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To say that this week has been one of the most exciting and amazing in terms of new camera announcements in a long time isn’t just the headline du jour to be repeated next quarter for some incremental upgrades to existing models. Truly, Monday’s news from Canon, and Thursday’s news from Nikon are monumental and change the professional photography landscape in serious ways.

As an aside, it’s considered wise in web style to get right to the point — don’t prattle on for a couple thousand words building a case and then supporting your thesis with your closing paragraphs. Get it all right up front — on the first page, above the fold.

So here we go: Nikon versus Canon. The DSLR camera announcements from Nikon and Canon this week take the camera wars to a whole new level. Ground was broken. Earth was shattered. And more message board postings than you can count were posted touting this camera or that — wondering about the feature set, an omission or inclusion, and lots that are just gloating among zealously brand-loyal users.

We love lists, we love rankings, we love quick, punchy qualitative data. So who’s the winner? Nikon with its first foray into the full-frame arena, the 12.1 megapixel D3, or Canon’s EOS 1Ds Mark III, the first full-frame 35mm DSLR to pack more than 20 megapixels?

Well, Nikonians and Canonistas will argue this ad infinitum on message boards — but the real winner in the Nikon versus Canon battle is you, the photographer. Competition breeds innovation, and both Canon and Nikon have some catching up to do with each other right now, if that makes any sense.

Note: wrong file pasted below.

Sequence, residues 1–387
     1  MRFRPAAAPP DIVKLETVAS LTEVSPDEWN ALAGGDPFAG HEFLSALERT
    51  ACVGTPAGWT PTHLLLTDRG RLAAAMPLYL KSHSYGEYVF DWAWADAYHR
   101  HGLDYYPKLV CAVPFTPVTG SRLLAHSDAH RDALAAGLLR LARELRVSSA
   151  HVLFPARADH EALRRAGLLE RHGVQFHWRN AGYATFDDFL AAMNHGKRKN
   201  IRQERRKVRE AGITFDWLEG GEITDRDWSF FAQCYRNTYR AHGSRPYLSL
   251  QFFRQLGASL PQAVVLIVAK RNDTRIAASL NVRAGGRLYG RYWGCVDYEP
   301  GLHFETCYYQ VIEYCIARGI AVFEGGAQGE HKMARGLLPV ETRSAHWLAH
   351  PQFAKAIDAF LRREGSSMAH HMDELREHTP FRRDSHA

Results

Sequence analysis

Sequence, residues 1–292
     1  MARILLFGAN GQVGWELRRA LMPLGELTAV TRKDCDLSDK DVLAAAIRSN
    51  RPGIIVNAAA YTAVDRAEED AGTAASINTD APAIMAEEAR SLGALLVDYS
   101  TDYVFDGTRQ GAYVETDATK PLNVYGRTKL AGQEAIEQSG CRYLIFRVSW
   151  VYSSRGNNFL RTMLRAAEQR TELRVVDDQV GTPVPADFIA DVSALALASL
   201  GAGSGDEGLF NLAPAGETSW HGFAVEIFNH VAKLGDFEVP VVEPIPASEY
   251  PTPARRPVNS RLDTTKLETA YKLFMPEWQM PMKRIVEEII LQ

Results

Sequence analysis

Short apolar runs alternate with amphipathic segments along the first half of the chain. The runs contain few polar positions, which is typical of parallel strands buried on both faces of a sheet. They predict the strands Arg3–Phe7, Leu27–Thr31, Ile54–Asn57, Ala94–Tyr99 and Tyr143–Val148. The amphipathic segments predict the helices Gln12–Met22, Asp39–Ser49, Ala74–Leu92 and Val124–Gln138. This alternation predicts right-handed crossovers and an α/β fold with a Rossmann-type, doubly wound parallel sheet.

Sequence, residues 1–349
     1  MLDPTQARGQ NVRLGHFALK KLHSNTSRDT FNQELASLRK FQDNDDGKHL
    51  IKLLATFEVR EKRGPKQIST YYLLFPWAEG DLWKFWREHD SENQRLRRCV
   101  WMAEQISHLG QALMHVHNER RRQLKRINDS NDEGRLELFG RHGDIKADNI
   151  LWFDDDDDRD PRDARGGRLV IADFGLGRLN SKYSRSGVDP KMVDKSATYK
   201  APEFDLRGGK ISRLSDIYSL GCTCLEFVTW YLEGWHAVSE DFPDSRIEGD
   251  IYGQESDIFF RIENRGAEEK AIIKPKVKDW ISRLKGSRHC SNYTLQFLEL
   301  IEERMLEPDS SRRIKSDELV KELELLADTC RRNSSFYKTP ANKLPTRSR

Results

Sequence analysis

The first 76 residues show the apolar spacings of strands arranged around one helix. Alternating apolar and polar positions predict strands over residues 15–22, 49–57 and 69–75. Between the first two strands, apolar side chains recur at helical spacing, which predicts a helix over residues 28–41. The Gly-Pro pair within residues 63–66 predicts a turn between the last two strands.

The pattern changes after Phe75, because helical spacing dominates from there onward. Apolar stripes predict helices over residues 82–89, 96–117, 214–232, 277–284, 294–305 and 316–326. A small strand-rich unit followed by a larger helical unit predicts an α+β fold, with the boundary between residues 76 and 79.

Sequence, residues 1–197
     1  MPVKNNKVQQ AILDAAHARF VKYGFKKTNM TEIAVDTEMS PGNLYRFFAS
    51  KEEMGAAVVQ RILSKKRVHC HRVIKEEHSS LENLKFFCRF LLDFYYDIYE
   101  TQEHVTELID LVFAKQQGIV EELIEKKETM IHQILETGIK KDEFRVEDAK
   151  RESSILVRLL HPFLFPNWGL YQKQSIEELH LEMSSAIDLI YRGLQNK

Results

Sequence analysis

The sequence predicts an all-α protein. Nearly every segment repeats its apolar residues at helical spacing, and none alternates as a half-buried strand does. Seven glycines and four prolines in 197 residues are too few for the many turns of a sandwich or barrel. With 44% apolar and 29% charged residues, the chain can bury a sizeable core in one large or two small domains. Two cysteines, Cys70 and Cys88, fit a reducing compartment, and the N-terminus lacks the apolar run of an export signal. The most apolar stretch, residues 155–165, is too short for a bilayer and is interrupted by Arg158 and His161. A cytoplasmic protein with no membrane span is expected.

In some very real ways, Nikon, with the D3, is a clear-cut winner — especially for ultra-loyal, long-suffering Nikon shooters who have been waiting and waiting a la Godot for the fabled, rumored, full-frame pro Nikon DSLR with every product cycle and Photo Show, ever since Canon introduced the 1Ds and the 5D a web lifetime ago.

We love competition and head-to-heads, don’t we? So which Canon does the D3 compete with? Is it the speed demon 10 megapixel Canon EOS 1D Mark III, announced earlier this year, or is it the 21-megapixel 1Ds Mark III? The answer is both, mostly.

What about the EOS 5D, Canon’s other full-frame DSLR? It’s also got 12 megapixels, but is slower than either of the Mark IIIs. But keep in mind, this camera is an elder statesman amongst the EOS lineup — old enough to have been Pop’s Camera of the Year in 2005!

Or do we compare the cameras based on price? In that case, the D3 competes most directly with the 1D Mark III — the D3 packs two more megpixels, doesn’t have a 1.3x factor, and is almost as quick in frame rate with full AF as its EOS pricepoint counterpart. Yes, on paper it appears Nikon’s got the edge here — but how those extra megapixels and bigger sensor stack up in terms of image quality will have to wait for our full lab test.

Live view mode? All the new cameras, including the “prosumer” D300 and 40D, ship with some variation on a live view on either the LCD or a computer monitor, and we are excited about the possibilities live preview opens up for the creative photographer — regardless of platform.